So, you want someone to read your fortune. Say you'll win the lottery. That your dream job will remain secure for the rest of your working years. That your luck will never expire.
Sure, sure. But how?
Dozens of fortune-telling methods are practiced around the world, ranging from watching a rooster peck at a grain, to staring into a fire, to eating the liver of an animal, to finding patterns in melted wax. Almost all routines are designed to loosen up your brain, psychics say.
"Most of these fortune-telling methods are derived from modern psychology," said Horace Iceraven, (real name Sten Lindqvist), a psychic who practices on a boat in New Port Richey. "It helps communicate with the subconscious mind, and the subconscious mind is like the best Sherlock Holmes ever. Your mind has recorded everything you have ever seen, heard, felt, smelled — everything."
We've broken down some of the more popular techniques. You are getting sleepy. Very sleepy. But, uh ... not until after you read this.
Some believe that reading the lines of your hands, aka "Palmistry," holds the key to your future. Palm reading originated in Hindu astrology. The palm allegedly has several tell-tale characteristics, including a heart line, a life line, a head line and bumps, called "mounts." Their size and shape and intersections all reveal something about your life, personality and habits. Skeptics, as with most of these methods, say it's a bunch of hooey.
Many psychics read cards, illustrated with everything from benign images of love to dead folks stabbed in the back. Each card is open to interpretation. "Every one of us reads differently," said Marjorie Amyot, 71, a psychic from South Pasadena who performs readings at her church. "I just have them shuffle the cards and lay them out." Iceraven, 48, was first introduced to tarot cards by his childhood baby sitter. Now he uses a deck he designed himself. "I've had thousands of decks," he said. "Often the more primitive designs are better than something extremely elaborate so you don't have someone trying to force the opinion."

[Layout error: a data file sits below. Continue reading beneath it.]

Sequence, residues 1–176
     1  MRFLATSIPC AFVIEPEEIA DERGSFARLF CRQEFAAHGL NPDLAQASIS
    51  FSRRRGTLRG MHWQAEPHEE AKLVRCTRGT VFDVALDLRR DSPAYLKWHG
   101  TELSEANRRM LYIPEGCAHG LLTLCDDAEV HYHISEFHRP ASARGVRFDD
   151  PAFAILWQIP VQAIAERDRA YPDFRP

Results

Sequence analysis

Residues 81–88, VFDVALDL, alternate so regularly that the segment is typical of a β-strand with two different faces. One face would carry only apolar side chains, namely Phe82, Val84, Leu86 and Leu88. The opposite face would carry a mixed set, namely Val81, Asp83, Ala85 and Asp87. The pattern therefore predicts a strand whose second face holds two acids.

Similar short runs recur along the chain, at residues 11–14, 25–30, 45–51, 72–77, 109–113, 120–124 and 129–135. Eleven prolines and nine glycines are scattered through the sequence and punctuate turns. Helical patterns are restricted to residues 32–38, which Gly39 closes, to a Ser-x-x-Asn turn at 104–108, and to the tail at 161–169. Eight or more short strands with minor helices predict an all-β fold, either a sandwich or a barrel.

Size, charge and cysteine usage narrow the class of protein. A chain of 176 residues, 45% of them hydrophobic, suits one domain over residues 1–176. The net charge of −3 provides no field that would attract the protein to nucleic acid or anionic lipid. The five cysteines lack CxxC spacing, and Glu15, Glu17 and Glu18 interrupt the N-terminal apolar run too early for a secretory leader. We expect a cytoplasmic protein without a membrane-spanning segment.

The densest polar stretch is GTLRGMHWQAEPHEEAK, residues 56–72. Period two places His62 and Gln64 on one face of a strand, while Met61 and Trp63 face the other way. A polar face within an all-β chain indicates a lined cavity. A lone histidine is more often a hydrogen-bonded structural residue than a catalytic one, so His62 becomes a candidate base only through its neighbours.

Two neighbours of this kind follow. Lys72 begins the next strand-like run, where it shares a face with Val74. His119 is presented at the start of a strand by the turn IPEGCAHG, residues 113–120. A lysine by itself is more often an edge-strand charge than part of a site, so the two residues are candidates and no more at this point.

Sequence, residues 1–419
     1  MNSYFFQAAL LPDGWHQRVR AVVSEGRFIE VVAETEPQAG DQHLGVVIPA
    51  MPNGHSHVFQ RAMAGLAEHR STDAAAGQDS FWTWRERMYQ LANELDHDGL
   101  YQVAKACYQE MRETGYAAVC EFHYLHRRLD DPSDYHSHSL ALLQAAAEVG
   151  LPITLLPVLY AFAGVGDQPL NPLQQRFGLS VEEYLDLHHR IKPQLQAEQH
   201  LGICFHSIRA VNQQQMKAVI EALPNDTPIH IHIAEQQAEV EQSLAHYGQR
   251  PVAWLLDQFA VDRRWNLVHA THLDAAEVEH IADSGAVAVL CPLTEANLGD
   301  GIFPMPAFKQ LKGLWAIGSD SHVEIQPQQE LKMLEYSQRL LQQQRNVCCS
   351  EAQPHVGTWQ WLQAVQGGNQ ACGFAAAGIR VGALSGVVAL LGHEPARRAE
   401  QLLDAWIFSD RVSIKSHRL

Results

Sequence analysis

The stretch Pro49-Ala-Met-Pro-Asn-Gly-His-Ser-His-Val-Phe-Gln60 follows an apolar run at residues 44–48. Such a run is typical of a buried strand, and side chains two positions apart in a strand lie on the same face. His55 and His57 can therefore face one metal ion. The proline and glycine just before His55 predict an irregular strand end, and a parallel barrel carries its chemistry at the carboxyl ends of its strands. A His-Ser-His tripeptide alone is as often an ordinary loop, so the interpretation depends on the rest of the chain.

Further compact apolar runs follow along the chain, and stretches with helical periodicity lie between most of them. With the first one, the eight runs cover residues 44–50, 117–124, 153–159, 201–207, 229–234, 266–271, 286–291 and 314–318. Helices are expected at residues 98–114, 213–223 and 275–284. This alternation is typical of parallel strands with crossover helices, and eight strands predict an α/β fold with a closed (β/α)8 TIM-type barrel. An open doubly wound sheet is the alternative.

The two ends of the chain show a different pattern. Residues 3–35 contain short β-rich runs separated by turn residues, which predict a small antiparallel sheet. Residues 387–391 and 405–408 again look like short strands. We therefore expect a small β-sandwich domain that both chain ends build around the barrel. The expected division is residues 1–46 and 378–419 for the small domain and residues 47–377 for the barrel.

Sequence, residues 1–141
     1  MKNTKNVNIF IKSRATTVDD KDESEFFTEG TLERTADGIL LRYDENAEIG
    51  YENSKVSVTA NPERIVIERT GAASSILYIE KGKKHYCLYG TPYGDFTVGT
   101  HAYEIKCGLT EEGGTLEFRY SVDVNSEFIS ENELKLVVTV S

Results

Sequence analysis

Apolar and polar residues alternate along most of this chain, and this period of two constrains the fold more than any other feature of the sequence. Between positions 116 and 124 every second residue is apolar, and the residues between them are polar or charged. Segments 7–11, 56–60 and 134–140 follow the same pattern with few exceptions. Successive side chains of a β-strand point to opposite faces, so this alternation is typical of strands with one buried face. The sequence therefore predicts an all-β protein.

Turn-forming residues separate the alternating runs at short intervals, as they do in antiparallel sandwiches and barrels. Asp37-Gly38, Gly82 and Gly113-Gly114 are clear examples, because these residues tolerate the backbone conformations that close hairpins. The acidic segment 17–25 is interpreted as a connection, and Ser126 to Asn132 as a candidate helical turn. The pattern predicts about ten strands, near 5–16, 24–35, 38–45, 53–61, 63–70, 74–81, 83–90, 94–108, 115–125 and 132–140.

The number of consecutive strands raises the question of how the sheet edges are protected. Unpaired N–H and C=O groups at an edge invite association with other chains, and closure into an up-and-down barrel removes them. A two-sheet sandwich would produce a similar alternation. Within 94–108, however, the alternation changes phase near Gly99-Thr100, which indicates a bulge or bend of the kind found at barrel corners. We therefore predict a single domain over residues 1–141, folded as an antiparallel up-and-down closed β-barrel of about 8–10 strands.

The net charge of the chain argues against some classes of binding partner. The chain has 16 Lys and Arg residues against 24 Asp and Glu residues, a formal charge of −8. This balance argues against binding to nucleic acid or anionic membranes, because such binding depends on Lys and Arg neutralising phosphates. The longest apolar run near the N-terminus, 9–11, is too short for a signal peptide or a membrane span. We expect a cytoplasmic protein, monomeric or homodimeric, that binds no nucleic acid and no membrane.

Tasseography, or tea-leaf reading, is kind of like it sounds. A person drinks a cup of tea until half is left, then dumps out the liquid. The psychic studies the leaves to find pictures and patterns. There are standards. "The best kind of tea to use if tea-cup reading is to be followed is undoubtedly China tea," says the book Tea-Cup Reading, and the Art of Fortune Telling by Tea Leaves. "Indian tea and the cheaper mixtures contain so much dust and so many fragments of twigs and stems."
This was a carnival novelty until a woman named Pearl Curran claimed to have contacted a dead woman with a Ouija board in 1913. It's still popular at slumber parties — glow-in-the-dark versions sell at Target for $20.99. Some psychics, like Rita Oom of Plant City, say they can contact the dead all on their own. "I'm a clairvoyant," she said. "I bring in people who passed away. If you ask, I can read photographs and handwriting, and I see things around people."
By staring into a crystal, your vision blurs and frees your subconscious. You can do it with anything that's hard to focus on, Iceraven said, even a push pin stuck into a board at a distance. "What you'll experience often is a fog," he said. "You go into a state of self-hypnosis. It's the same method as hypnotic therapy." He brings a crystal ball to his readings, but it's mostly a distraction for the kids who come to their parents' readings and get bored. He tells them that if they look inside, they can see the Disney Channel.